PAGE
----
Lyxor Head of ETF Strategy, ESG and Innovation François Millet, and Manuel Adamini, Head of Investor Engagement at the Climate Bonds Initiative, discuss why Climate and ESG investments proved to be so resilient through the Covid-19 crisis.
Sustainable investment flows have held up remarkably well in the context of the Covid crisis and ESG ETFs in particular have had a very strong run. What is your take on this?
François Millet: ESG ETFs raised € 10.6bn in Europe at end-May, a record so far! They showed themselves to be long-term winners, and demonstrably resilient in the short-term. This is because they display style biases towards large caps, towards so-called ‘quality’ companies (distinguished by the strength of their balance sheet) and towards lower volatility securities, three factors that have served to mitigate the upheaval we’ve seen in markets. At Lyxor we saw continued positive flows in our ESG ETFs in March, against a backdrop of massive outflows in the global ETF market. Our European equity ESG ETF and global Green bond ETF in particular received a lot of attention. This resilience through the Covid crisis had the effect of reinforcing clients’ intention to take their ESG allocation to the next level, or triggered wait-and-see investors to switch into action. Investors see ETFs as great tools for sustainable investments because they are, by their very nature, transparent, simple and rules-based – characteristics that align well with ESG priorities. I also think the pandemic has made investors acutely aware of how dependent our human societies are on the fragile balance of nature, thus prompting fresh appetite for ESG and climate-focused investments in particular.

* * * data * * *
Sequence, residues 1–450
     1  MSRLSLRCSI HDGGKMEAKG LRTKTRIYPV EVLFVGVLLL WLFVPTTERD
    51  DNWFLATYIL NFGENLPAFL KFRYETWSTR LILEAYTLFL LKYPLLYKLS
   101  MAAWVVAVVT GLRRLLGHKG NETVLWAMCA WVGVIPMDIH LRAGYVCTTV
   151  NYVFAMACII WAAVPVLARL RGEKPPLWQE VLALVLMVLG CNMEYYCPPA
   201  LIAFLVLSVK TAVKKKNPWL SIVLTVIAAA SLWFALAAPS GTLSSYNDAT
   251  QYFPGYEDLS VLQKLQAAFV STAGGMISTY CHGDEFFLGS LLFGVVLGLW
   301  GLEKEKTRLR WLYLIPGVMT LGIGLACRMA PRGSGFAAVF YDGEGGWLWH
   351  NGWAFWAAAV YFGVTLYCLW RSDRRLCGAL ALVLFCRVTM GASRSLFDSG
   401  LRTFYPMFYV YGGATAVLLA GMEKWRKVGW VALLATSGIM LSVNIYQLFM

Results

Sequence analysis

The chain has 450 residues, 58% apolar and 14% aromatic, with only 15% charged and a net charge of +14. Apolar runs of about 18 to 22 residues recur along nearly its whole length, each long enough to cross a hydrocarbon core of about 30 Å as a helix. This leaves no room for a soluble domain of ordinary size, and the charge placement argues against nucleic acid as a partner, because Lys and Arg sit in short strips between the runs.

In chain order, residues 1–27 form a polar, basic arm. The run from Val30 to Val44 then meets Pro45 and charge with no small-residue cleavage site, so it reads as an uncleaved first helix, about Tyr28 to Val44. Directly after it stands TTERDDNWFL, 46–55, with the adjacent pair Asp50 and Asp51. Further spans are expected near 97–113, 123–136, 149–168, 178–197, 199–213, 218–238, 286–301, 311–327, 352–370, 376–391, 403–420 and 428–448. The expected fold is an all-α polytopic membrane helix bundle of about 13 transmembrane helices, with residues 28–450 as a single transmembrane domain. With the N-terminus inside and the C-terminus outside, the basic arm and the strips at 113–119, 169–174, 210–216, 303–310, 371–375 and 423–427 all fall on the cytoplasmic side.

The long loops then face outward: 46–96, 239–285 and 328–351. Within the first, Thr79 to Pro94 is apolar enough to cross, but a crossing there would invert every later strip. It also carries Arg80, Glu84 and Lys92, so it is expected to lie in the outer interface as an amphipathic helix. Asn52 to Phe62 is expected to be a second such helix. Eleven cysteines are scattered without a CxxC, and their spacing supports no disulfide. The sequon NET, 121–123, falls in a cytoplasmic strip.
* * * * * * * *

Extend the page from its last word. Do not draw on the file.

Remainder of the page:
Do you expect the Green Bond Market to expand as a result of the Covid crisis?
Manuel Adamini: Before the Covid-19 crisis hit, we at the Climate Bonds Initiative expected the issue of Green bonds to reach $ 350bn by the end of 2020, a huge increase from $ 257.7bn in 2019. And while some – not all – market observers have lowered their forecasts, we remain optimistic. As François points out, The Covid crisis has made it absolutely clear how much our own fate is intertwined with the ecosystems around us, and for the need to strengthen the resilience of our economies and societies against future climate shocks. The established Green Bond market infrastructure made it easy for the market to pick up Covid-19 bonds with confidence. This has cemented the idea of themed bonds into the mainstream, which will support more green and climate bond issuance going forward. There is strong support for this momentum at central bank level. In Europe, Christine Lagarde has made it clear that the ECB has a very important role to play when it comes to climate finance, and has made climate risks a central issue in the ECB’s ongoing strategic review. Indeed, the ECB has already purchased green bonds in the past as part of its QE program and could well do so again in the future. What’s important is that the greening of the financial system is being discussed, and we are seeing encouraging acceleration.
Why are ETFs an attractive vehicle for climate investments such as Green Bonds?
François Millet: ETFs are transparent by design. Investors can easily see how indices are constructed, and this information freely available online. Current frameworks like the Green bond principles, the Climate Bond Initiative Taxonomy, alignment with the future European Commission Taxonomy, and third party opinions, provide an additional level of comfort on transparency. For equities and corporate bonds, the new EU labelled Climate indices (EU Climate Transition and EU Paris-aligned benchmarks), leverage on the power and transparency of indices. And given the very prescriptive portfolio construction framework set by the European Commission for climate indices, the sheer amount of data needed, and the necessary science-based method to achieve decarbonization and temperature alignment, a disciplined and quantitative approach through rules-based ETFs seems a particularly appropriate solution.